How have we gotten to this point? In evangelical Christianity, how have we arrived at the place where one verse dominates all others? How have we granted one particular verse the right to be the filter through which all others must pass? Why is John 3:16 always the first verse taught in Sunday School? On top of that, how have we arrived at the place where John 3:16 is not only ubiquitous in presence but also in misinterpretation?
One of the reasons for the ubiquitous presence of John 3:16 is that it is a fairly concise summary of the gospel (as single verses go, I prefer II Corinthians 5:21, but that is another matter). Also, John 3:16 is simple for almost anyone to memorize. Therefore, parents and Sunday School teachers like to teach it to children. I have no doubt that John 3:16 has helped some children understand the basics of the gospel for the first time.
John 3:16 is a beautiful verse. I cling to its truths. For example, I'm thrilled that God loves the world. I am overjoyed that He gave His one, unique Son. I'm extremely happy that God has said that whoever believes will not die eternally, but instead will receive the gift of eternal life. I'm happy that I memorized John 3:16 early on in life and have never forgotten it.
The problem for evangelical Christianity has come with the ubiquitous misinterpretation of the verse. Because the verse is the first one that many people learn, and because it summarizes the basics of the gospel, it holds a great deal of importance. If it is not interpreted correctly, this will cause many problems. This, unfortunately, has occurred and is still occurring in most of evangelical Christianity (at least in the USA) today.
The problem comes with over-interpretation. In other words, more meaning has been granted (by well-meaning people) to John 3:16 than the verse actually says. John wrote the verse to mean one thing; many people have added to what he wrote to make it mean more. I have written about this before, and will summarize it here: John 3:16 offers a simple, beautiful promise to us. We are instructed that God loves the world and gave his son. Because of this, whoever believes in Christ will receive eternal life. This is a straightforward cause-result statement.
John 3:16 does not tell us that God desires that everyone be saved. It does not say that God wills for everyone to be saved. It does not say that everyone can be saved. It does not tell us that men have freedom of the will.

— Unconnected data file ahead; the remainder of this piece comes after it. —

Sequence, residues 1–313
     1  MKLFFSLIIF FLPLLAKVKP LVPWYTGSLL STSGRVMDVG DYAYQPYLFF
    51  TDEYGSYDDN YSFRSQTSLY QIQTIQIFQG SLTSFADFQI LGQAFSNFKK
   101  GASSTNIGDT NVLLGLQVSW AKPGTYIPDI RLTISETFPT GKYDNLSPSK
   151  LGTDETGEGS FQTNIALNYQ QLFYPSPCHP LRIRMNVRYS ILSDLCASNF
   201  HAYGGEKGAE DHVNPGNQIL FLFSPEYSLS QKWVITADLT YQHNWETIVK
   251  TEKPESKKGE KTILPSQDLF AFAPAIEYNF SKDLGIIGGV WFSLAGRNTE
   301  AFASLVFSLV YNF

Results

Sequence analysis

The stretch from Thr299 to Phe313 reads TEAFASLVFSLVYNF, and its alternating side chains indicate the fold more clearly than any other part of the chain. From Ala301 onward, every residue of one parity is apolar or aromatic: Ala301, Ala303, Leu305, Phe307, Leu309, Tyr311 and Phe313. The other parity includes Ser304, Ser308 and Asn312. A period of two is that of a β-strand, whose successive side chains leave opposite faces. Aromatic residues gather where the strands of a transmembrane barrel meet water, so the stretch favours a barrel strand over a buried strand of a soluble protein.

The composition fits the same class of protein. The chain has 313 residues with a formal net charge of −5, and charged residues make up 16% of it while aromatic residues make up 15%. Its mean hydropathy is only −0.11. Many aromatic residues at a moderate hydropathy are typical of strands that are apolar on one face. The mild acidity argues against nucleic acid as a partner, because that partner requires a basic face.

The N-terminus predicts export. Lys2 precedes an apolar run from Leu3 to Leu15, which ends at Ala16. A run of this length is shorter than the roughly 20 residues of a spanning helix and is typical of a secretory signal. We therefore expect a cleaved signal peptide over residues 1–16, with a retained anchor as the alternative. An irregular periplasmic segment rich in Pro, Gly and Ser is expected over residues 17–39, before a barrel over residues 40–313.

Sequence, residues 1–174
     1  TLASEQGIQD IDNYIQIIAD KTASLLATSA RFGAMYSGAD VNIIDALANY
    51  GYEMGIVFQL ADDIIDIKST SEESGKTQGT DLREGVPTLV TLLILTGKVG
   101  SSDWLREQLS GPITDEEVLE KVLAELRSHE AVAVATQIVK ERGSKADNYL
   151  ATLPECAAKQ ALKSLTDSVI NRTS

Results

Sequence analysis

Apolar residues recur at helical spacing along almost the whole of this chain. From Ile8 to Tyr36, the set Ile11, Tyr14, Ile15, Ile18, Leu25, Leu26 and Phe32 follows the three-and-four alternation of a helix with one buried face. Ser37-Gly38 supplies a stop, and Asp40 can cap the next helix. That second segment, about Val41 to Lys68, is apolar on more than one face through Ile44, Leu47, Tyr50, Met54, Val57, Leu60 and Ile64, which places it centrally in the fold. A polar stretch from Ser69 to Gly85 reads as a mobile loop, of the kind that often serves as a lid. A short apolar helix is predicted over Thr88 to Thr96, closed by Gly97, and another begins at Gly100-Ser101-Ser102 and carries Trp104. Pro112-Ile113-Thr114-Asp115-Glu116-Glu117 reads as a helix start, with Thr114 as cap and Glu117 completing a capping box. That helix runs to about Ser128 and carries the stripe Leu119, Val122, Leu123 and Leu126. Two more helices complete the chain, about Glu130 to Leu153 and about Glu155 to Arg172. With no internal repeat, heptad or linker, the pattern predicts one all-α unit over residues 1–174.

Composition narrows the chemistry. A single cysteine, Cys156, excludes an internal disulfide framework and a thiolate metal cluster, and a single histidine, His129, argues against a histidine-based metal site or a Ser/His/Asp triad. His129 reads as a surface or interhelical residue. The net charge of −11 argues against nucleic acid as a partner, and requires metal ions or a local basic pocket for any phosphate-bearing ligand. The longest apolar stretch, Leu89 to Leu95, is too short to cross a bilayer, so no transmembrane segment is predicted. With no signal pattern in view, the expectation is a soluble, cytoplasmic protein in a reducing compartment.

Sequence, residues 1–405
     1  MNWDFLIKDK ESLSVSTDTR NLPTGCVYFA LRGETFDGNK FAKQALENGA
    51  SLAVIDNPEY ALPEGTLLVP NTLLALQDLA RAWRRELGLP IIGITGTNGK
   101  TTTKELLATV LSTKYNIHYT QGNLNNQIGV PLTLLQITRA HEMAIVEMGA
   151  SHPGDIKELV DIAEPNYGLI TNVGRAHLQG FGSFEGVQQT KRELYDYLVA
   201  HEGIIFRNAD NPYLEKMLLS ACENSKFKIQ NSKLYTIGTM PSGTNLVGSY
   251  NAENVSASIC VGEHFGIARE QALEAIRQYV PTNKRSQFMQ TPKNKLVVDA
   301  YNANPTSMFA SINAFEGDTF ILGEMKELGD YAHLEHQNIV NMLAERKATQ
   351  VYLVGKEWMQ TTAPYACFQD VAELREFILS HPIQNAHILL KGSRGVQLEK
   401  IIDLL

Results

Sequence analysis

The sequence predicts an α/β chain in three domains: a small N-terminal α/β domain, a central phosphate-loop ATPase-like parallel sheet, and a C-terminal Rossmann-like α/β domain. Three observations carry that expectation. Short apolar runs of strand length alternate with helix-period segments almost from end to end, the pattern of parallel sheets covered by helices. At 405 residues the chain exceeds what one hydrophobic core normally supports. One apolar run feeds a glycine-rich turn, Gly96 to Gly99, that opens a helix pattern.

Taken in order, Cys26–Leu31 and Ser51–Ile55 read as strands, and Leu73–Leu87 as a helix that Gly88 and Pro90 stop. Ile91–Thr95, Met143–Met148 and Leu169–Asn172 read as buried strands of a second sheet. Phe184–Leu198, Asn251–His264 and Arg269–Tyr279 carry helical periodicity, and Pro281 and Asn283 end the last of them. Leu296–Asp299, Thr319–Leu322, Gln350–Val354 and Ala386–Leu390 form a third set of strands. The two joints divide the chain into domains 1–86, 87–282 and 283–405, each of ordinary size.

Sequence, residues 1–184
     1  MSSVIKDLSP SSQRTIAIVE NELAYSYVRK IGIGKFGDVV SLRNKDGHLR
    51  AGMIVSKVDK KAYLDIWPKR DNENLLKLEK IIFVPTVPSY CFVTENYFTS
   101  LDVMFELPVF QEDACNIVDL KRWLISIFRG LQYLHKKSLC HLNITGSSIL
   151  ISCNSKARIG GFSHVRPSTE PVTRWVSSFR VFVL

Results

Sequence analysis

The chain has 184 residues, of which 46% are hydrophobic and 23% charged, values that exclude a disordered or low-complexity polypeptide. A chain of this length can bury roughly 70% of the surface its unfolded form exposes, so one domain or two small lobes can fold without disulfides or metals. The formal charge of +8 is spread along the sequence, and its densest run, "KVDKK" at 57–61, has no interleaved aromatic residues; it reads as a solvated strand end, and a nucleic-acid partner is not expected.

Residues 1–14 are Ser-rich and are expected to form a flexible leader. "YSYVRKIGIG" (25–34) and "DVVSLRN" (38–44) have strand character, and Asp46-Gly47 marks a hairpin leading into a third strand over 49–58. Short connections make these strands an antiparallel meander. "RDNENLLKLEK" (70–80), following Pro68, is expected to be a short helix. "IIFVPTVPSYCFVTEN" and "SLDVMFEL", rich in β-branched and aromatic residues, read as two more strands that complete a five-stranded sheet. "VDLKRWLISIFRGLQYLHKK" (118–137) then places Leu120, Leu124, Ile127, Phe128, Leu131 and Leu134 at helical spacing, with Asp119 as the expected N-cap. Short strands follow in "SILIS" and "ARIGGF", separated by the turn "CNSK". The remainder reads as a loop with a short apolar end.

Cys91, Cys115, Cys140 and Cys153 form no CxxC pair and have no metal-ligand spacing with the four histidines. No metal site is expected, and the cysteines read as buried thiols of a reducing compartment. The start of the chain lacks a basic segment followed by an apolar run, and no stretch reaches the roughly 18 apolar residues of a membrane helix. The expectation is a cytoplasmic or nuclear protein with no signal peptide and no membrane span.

Despite the fact that John 3:16 does not say the things in the above paragraph, most evangelicals believe and teach that it does. What we have today is a sort of “reign” of John 3:16. What do I mean by this? Not only is the verse misinterpreted, but it passes judgment on all other verses. I have experienced this several times. Here is a prime example: When I bring up Ephesians chapter 1, which says that God “chose us in him before the foundation of the world,” I have been repeatedly told that this verse cannot possibly mean that God actually “chose” us. Then I am told that this is because man has free will. Why? Because, so I’m told, John 3:16 says so.
What can we do about this? First, we need to teach adults (especially Sunday School teachers), youth, and even children how to properly interpret scripture. After this, we need to encourage all people to memorize many verses, not just John 3:16. At a proper point, after the folks understand proper principles of interpretation, John 3:16 itself must be addressed. This must be done fairly, calmly, and methodically. As this is done, there will be some resentment and opposition.
Despite the opposition, we must teach the real meaning of John 3:16. We must also exhort people to take this verse off its throne, and place it within the whole counsel of God’s word. Let’s encourage Christians to read scripture for what it says instead of passing it through some sort of artificial John 3:16 filter.
The bible deserves proper interpretation. We can begin with, “For God so loved the world…”